The Big Twitch Begins

To: "Birding-Aus" <>
Subject: The Big Twitch Begins
From: "Sean Dooley" <>
Date: Wed, 2 Jan 2002 01:07:53 +1100

For those of you who may be interested, after my posting last night, here is the saga of my attempt to see a Sooty Owl as my first bird of the year...

January 1, 2002

Headed off from my comfortable and dry home in Carlton at about ten PM into a very foreboding night. Driving out through Melbourne’s Eastern Suburbs, I passed a barrage of premature New Year’s fireworks and couldn’t help wondering what the hell was I doing? Here were all these people, coming together in celebration, and I was heading off into the night alone. Yes alone, because I couldn’t even convince any other birdy nerdies to come with me. Even other birdwatchers thought it was a strange way to spend a New Year’s Eve.

I drove past the Bird Observers Club headquarters in Nunawading and noticed a police car had bailed up a very agitated and/or intoxicated woman in front of the shopfront window. Looks like they were partying up bigtime at BOC Headquarters tonight!

By the time I got to my forest destination, deep in the recesses of Bunyip State Park, the tracks were quite wet, but the skies seemed to have cleared. I stopped at the spot where I had Sooty Owls calling only three nights ago but instead was treated to the "Duet of the Ninox Owls" with a Powerful Owl and a Boobook Owl trading calls. No Sooties, but a Powerful would be nice for the first bird of the year. There were also Greater, Yellow-bellied and Sugar gliders calling- nocturnal heaven! And to think this reserve is only an hour’s drive from central Melbourne.

There was another noise as well out there in the lonely forest. Somewhere further up in the valley somebody was holding a rave dance party. As midnight approached, the "doof doof" of the trance beat thumped even louder, drowning out the owls.

The Boobook stopped calling at 11:50, the Powerful at 11:55. By the time the ravers let off their fire crackers to bring in the New Year, the bush was silent. At about a quarter past twelve, the PowerfulOwl started up again. I would walk in one direction to the call and when I approached it would fall silent. Then it (or a second bird would start up, seemingly from the area around the car! Having walked all the way back, it would shut up again.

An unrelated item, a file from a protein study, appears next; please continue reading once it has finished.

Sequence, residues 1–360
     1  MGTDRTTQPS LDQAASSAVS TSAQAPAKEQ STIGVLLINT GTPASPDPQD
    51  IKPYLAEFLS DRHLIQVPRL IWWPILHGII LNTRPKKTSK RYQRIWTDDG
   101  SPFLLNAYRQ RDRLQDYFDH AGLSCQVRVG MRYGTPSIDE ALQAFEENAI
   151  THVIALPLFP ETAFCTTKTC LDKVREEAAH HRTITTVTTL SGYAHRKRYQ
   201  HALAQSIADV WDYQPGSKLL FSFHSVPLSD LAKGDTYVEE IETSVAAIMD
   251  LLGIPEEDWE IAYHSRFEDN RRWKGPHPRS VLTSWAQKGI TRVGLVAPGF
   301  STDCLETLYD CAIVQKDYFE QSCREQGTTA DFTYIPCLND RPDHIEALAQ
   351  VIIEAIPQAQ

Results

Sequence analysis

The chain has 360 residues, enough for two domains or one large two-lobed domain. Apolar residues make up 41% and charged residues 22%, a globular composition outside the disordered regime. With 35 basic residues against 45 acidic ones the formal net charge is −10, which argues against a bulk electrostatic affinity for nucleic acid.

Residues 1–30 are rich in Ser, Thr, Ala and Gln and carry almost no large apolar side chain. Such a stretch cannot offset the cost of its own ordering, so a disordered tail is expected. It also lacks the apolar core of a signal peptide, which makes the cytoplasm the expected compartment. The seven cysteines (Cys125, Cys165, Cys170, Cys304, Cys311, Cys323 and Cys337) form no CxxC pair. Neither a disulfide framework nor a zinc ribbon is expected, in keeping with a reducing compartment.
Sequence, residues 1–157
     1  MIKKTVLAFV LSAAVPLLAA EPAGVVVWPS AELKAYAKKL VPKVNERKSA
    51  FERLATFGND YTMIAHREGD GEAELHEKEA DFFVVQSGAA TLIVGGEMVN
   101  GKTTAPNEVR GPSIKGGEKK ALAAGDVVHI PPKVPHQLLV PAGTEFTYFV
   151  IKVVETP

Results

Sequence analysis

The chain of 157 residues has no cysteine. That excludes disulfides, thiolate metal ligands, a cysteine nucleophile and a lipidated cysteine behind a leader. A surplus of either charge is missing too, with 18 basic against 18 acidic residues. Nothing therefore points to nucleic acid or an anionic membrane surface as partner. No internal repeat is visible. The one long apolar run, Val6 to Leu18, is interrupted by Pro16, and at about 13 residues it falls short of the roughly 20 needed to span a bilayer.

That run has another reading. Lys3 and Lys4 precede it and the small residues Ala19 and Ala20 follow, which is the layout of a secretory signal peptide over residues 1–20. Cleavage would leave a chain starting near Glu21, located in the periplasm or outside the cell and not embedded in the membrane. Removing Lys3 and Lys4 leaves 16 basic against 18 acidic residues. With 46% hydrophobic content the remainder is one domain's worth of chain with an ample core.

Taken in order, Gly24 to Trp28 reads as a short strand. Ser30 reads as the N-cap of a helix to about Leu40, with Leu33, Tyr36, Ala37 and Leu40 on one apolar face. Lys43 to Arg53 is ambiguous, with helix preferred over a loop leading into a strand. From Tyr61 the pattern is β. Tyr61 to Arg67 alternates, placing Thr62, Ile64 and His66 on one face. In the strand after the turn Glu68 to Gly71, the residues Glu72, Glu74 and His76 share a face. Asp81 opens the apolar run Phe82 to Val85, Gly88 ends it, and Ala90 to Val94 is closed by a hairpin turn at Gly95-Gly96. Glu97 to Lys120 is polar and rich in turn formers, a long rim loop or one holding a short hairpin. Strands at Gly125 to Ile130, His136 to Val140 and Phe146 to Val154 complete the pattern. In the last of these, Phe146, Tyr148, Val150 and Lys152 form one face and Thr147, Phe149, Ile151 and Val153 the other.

Then the rain came. It bucketed down, there was even a touch of hail. All the night creatures fell silent and the rain was so thick I wouldn’t have been able to see them anyway. I retreated to the car, where I sat for over an hour waiting for a break in the deluge. I cracked open my one beer and toasted myself, thinking of all the people actually out having a good time tonight. What a dill!

Sometime after one-thirty I ventured out into the black, dripping forest and searched for an owl, any owl. No luck. By two I had had it. I started to drive the lonely road back to Carlton. Driving in first gear, I crawled along the tracks and managed to spotlight my first mammal of the year (Greater Glider) and my first herp ( Ewing’s Tree Frog). At what I considered the last patch of suitable habitat, I stopped the car for one last listen. As I turned off the engine I heard a single cry of both White-throated Nightjar (a bird I still haven’t had satisfactory views of) and a Sooty Owl.

After waiting five minutes, neither bird called again. I went to the action of last resort- I played the tape, something I am loathe to do as I get guilty over disrupting the foraging patterns of the birds, just to indulge my pleasure. No response. Desperate, I resorted to my pathetic imitation of a Sooty Owl’s falling bomb call. It was instantly answered by a bird coming in closer. It chattered away at me as I put the spotlight on what I think was a male bird (it seemed quite small to me). Fantastic view of a fantastic bird.

Sooty Owl on the list. One down, six-hundred and ninety-nine to go!

I was ecstatic on the drive home and almost more so when at the edge of the forest I saw a largish bird sitting in a tree by the side of the road with an all white underside and a black line on the face. There is supposed to be a pair of Masked Owls in the area. As I backed up, this seemed too good to be true. And it was. The bird turned out to be a Laughing Kookaburra- that well known nocturnal hunter. Is this the portent of things to come for the year- expectations of exciting birds which only end in a Laughing Jackass. Oh well, number two on the list at least.

I arrived home at about four. I’d spent the New Year, alone, wet and tired. About the best damn New Year’s I can remember.

Awoke around noon and quickly began boosting the Year list straight away. Carlton is a typical inner suburb, not endowed with much vegetation, but I still managed to see the following: Common Blackbird, Common Starling, Spotted Turtle-Dove, White-plumed Honeyeater, House Sparrow, Little Raven, Magpie Lark, Common Myna, Musk and Rainbow Lorikeet, Tree Sparrow, Feral Pigeon, Silver Gull, Welcome Swallow and Willie Wagtail.

Later in the day I had a wander through the Melbourne General Cemetery, which is a surprisingly good patch. In the past I have seen birds such as Scarlet Robin, White-winged Triller and Satin Flycatcher. No quite as exciting, but I did add Greenfinch, Red Wattlebird, Silvereye, Goldfinch, Superb Fairy-wren, Red-rumped parrot, Australian Magpie and Yellow-rumped Thornbill,

A total of twenty-five for the day. A small start to the year, I’m sure many of you saw heaps more birds than this, but you have to start somewhere. And the Sooty Owl as number one ain’t too bad.

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